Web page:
Hakuba Valley boasts a lively hub with a wide variety of dining, buzzing nightlife and accommodation options. Once there, you’ll find a blend of authentic Japanese ski culture with all the amenities and facilities you’d expect from an international resort, along with shuttle buses to conveniently take you to destinations throughout the valley. You owe it to yourself to check out the onsens (mineral hot springs), which are an integral part of Japanese culture.

Outside of town, there’s more to explore around Happo-one than at Niseko. Make a day trip to check out Matsumoto Castle, one of Japan’s national treasures, or visit Jigokudani Monkey Park to see the local wildlife and discover that humans aren’t the only locals who enjoy a hot spring.

Where Happo-one trumps Niseko:

  • Easier to get to and closer to other tourist destinations like Tokyo and Kyoto
  • Bustling town with an abundance of dining, nightlife and accommodation
  • More off-slope excursions
Niseko Snow
Powder days at Niseko

Niseko

In most cases, getting to Niseko will involve another leg of travel. The nearest airport is New Chitose Airport, which only has direct flights from Honolulu, Seoul, Taipei, and Hong Kong. Otherwise, you’ll have to connect to a domestic flight after clearing customs in Tokyo, which is a 1.5-hour flight away. After landing, it’s up to 3.5 hours via bus or train ride from Sapporo to Niseko.

Away from the slopes, Niseko is a lot quieter than Happo-one, making it more suitable for ski-focused trips. You’ll find three different accommodation areas: Niseko Village, which is the best choice for families; Hirafu, which has the most options for dining, drinking, and entertainment; and Annupuri, which is the quietest and most relaxed. There’s plenty of dining and lively apres ski at Hirafu, though they don’t compare to the options available in Hakuba Valley.

There are also onsens in Niseko, along with unique winter pastimes, such as snow rafting, which involves riding an inflatable raft at exhilarating speeds down a snowy slope. While there’s been a lot of new development in recent years throughout the area, Niseko has managed to retain its authentic Japanese atmosphere.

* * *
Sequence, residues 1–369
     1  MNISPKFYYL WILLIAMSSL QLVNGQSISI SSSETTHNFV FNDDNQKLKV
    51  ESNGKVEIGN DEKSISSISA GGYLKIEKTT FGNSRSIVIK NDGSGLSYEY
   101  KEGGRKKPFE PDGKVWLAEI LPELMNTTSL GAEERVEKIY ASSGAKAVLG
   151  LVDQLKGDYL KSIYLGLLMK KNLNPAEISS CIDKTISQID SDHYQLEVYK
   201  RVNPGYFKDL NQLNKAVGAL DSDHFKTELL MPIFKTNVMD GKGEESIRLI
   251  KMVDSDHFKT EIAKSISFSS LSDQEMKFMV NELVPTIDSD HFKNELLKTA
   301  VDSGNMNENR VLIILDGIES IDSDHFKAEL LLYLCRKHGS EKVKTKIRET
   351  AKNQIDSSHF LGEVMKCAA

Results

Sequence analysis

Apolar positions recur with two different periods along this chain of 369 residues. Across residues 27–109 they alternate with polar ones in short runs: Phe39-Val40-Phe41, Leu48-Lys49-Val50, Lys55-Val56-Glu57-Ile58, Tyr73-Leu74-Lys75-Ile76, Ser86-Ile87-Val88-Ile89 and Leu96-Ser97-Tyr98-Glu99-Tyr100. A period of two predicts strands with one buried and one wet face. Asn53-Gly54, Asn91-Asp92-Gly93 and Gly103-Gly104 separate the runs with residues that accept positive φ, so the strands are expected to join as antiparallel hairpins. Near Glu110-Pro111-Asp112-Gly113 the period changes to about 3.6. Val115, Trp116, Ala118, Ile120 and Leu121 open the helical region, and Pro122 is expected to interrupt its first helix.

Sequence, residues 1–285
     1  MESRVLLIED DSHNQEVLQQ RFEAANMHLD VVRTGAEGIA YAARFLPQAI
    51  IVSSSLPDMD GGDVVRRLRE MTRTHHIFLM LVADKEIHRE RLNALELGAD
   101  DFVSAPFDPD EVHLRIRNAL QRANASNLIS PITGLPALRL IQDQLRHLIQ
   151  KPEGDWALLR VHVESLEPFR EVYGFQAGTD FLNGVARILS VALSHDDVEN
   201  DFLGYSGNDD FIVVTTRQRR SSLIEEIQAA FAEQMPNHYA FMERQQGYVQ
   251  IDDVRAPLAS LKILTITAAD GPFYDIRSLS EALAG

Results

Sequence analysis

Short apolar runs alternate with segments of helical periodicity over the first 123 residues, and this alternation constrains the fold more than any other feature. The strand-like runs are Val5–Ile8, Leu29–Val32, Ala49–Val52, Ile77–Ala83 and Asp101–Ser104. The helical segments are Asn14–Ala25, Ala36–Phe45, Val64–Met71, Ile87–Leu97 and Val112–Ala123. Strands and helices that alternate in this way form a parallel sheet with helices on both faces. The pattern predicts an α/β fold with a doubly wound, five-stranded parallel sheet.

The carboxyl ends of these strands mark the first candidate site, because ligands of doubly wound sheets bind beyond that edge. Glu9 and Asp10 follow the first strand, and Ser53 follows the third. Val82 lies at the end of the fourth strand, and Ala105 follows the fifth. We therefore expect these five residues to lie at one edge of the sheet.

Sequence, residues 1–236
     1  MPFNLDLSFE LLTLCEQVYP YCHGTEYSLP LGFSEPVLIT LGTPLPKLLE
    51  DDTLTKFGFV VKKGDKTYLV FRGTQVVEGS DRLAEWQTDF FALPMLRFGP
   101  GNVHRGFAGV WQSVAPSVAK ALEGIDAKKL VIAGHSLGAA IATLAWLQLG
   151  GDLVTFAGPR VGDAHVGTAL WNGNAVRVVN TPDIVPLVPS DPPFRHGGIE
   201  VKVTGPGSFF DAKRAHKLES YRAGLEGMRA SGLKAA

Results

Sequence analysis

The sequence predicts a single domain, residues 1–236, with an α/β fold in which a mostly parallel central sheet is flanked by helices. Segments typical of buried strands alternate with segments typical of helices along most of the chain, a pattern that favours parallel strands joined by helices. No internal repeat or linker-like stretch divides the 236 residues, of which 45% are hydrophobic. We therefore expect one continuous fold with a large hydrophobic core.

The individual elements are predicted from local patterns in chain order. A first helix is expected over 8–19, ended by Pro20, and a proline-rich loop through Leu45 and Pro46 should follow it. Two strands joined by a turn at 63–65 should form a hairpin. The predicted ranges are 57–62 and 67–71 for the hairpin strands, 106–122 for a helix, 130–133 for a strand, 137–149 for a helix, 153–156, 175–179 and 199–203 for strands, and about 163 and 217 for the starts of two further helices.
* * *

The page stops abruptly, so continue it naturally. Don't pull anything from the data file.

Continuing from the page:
Where Niseko trumps Happo-one:

  • Quieter villages for ski-focused visitors
  • Suitable for those looking for a relaxing ski vacation
  • Snow rafting

So, Which One?

Riesen Slalom Course
Riesen Slalom Course coming down the top at Happo-one

Both Happo-one and Niseko are alluring destinations boasting world-class snow, exceptional skiing and the chance to experience Japan’s unique ski culture, which includes luxurious onsens, mountainside noodle huts and friendly lifties.

Picking one simply depends on your skiing and apres-ski preferences. Happo-one is ideal for skiers and riders who want long, groomed runs. It’s close to major cities like Tokyo and Kyoto, making it a convenient location to explore other parts of Japan. Niseko, on the other hand, offers better quality snow and backcountry trails. Its quieter villages are perfect for powder hounds looking to ski hard.

Whatever your shredding style, both Happo-one and Niseko will give you the ski trip of a lifetime.

Author: Ben Stower

I'm enamoured with travel, whether it's finding the quiet, local sanctuaries in touristic cities, venturing into rock vaults in a distant jungle or spending hours on a Spanish beach. I can't see an end to my travelling. Just another chapter and another story to tell.

Ben Stower
I'm enamoured with travel, whether it's finding the quiet, local sanctuaries in touristic cities, venturing into rock vaults in a distant jungle or spending hours on a Spanish beach. I can't see an end to my travelling. Just another chapter and another story to tell.
Posted on Categories World travelTags , ,